The majority of consumers still have FICO credit scores higher than 700, however, within that group, the share of those borrowers in the top two tiers of scores has been shrinking over roughly the past year.
“Based on a fresh look at the national distribution of FICO 8 Scores, it appears that the profile of credit risk for U.S. consumers, while still mixed, may be slowly returning to a prerecession pattern,” according to a new report released by the the credit scoring agency FICO. FICO 8 is the company’s newest scoring model, and it is one of many FICO scoring models — though many lenders continue to use older FICO scoring models.
Through October 2012, 53.4 percent of consumers nationwide have credit scores of 700 or better, which is obviously a preponderance of the credit-using population, and that’s up slightly from the 53.2 percent who fell into the same category a year earlier, according to the new FICO data. However, there was also a slight decline in the number of people whose scores were between 750 and the top level of 850.
In all, those with ratings between 750 and 799 slipped to just 18.8 percent of all borrowers, down from 19.6 percent at the same time the year before, the report said. On the one hand, some of those borrowers seem to have migrated into the 800 to 850 range, as that proportion increased to 18.4 percent of all consumers from 18.1 percent 12 months prior. But some moved down as well, as those in the 700 to 749 range increased more dramatically, to 16.2 percent from 15.5 percent, and there was also a slight uptick in the 600 to 649 category, which rose one basis point to 12.2 percent.
However, many of those with lower credit scores were able to successfully boost their scores, the report said. For example, more than three in 10 people who had scores from 550 to 599 were able to raise their scores above 600 over the course of the year. Perhaps more importantly, more than just over a quarter of borrowers in the same starting category saw their scores dip below 549.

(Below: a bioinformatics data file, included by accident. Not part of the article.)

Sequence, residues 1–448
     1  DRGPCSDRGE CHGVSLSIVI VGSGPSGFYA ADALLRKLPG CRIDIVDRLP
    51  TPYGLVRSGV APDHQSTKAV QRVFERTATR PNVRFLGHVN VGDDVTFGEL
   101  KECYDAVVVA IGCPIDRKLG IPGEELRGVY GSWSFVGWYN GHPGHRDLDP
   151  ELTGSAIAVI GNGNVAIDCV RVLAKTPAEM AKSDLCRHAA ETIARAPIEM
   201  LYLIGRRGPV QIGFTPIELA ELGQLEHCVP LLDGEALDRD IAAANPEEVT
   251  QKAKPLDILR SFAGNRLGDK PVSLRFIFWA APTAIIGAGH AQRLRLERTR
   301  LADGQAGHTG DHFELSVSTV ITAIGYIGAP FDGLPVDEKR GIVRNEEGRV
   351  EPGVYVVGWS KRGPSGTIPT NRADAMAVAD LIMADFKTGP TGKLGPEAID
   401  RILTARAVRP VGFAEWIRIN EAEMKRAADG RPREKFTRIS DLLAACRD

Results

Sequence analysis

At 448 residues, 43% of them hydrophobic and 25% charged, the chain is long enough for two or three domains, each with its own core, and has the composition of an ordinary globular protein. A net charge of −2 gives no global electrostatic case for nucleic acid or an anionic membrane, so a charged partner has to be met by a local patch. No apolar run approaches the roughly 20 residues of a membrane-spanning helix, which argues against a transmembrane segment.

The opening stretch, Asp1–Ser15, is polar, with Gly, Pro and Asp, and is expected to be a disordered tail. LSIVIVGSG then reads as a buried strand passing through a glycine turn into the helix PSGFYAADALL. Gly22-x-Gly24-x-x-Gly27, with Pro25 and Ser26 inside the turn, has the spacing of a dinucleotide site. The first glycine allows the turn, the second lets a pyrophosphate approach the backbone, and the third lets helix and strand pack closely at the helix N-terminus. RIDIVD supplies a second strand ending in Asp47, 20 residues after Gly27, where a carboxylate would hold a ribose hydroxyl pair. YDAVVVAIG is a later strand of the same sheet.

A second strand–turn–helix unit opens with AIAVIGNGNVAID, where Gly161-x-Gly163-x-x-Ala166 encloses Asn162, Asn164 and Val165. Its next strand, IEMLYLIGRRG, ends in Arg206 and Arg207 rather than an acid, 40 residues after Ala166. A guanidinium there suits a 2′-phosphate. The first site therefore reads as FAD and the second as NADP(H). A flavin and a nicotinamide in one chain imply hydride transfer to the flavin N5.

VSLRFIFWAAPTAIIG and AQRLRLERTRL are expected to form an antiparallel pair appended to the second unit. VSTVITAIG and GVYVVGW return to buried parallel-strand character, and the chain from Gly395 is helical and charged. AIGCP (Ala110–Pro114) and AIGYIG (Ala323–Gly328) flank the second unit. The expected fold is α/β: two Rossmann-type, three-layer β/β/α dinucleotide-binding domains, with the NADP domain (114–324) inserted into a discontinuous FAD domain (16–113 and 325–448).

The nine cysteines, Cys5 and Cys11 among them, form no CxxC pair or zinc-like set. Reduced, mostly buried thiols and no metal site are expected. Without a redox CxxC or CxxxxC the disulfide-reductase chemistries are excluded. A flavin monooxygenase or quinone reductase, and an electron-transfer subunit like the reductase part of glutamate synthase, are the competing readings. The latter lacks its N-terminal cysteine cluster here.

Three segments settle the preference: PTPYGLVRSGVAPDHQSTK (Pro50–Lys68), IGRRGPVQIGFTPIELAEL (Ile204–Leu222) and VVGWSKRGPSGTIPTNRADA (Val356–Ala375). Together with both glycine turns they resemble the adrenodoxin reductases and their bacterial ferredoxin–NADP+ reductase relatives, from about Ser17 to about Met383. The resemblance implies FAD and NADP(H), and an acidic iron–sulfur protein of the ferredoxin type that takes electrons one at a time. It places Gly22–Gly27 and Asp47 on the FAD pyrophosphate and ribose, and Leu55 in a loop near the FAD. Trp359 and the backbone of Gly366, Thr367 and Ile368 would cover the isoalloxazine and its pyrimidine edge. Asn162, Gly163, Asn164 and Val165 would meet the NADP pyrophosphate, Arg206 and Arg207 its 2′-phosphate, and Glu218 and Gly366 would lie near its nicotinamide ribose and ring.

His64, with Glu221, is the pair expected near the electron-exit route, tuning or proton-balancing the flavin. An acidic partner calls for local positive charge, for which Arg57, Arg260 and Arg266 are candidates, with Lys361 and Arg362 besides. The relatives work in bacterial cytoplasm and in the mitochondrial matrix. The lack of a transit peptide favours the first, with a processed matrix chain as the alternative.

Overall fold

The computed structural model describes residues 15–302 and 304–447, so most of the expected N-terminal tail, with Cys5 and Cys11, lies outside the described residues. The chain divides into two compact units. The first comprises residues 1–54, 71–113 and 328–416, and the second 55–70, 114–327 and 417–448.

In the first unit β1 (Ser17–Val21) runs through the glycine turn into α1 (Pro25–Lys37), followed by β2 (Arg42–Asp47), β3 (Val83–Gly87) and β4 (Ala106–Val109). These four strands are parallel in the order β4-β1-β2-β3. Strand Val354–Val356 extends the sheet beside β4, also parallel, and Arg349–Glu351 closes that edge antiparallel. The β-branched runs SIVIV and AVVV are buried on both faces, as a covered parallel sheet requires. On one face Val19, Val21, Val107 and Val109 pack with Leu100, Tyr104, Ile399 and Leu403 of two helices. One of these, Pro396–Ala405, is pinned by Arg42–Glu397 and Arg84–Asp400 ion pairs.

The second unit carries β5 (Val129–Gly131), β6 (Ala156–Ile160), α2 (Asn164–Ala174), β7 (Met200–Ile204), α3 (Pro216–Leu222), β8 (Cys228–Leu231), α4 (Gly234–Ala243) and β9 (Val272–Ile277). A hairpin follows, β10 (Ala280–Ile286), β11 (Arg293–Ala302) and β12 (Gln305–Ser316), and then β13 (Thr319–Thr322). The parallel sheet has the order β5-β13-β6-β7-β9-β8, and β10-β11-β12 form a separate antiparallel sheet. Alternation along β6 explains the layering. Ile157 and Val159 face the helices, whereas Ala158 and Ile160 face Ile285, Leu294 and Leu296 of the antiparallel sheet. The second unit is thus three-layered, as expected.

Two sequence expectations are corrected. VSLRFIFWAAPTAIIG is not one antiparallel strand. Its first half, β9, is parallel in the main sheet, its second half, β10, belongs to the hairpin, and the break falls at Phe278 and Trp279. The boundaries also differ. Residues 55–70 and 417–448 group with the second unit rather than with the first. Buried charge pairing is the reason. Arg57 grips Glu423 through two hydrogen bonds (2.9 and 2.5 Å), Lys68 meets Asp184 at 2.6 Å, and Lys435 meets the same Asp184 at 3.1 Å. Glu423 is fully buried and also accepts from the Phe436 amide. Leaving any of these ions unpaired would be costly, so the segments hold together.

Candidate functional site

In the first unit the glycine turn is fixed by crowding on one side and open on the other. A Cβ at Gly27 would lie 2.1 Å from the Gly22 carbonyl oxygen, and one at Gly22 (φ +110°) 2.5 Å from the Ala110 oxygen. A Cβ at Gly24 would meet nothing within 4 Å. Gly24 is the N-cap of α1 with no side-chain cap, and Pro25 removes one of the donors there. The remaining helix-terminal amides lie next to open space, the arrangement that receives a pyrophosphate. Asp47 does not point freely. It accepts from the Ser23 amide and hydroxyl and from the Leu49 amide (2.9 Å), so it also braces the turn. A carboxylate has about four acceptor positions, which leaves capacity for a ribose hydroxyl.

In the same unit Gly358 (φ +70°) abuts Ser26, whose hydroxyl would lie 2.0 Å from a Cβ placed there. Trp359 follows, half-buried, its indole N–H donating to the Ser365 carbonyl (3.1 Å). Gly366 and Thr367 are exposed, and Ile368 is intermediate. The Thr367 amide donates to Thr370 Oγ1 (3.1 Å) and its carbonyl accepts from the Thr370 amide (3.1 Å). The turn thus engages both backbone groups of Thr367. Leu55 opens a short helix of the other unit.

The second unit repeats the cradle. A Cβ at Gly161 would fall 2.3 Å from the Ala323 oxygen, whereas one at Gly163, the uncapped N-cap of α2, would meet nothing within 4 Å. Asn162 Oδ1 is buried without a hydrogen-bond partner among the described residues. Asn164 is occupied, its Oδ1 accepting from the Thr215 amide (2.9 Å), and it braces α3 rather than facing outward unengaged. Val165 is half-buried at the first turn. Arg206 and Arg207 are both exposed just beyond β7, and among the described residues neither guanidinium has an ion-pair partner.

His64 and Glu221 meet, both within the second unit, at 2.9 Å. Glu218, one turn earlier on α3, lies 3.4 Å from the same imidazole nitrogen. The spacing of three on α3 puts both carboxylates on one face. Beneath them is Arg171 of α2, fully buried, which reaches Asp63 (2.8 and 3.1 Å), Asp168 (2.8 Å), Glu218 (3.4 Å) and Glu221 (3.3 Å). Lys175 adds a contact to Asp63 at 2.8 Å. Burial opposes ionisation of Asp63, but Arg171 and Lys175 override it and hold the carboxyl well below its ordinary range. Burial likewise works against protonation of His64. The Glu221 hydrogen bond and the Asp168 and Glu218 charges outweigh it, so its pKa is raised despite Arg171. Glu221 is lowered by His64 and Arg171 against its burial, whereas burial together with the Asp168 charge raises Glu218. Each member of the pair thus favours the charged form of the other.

Overall, the number of consumers whose ratings still hover below 600 is still higher than it was at the same time the year before, as well as in 2005, the report said. This condition is likely the result of lingering financial problems still being felt by many even years after the official end of the recession.
Consumers looking to improve their credit scores may want to try to improve their payment habits so that more bills are being paid on time, with larger contributions made every month. This will also help them to more quickly slash their balances and make their monthly payments more valuable in reducing debt in the future.
If you’d like an easy-to-understand overview of your credit file, including your scores, and how you compare to others in your state and the country, check out Credit.com’s free Credit Report Card.
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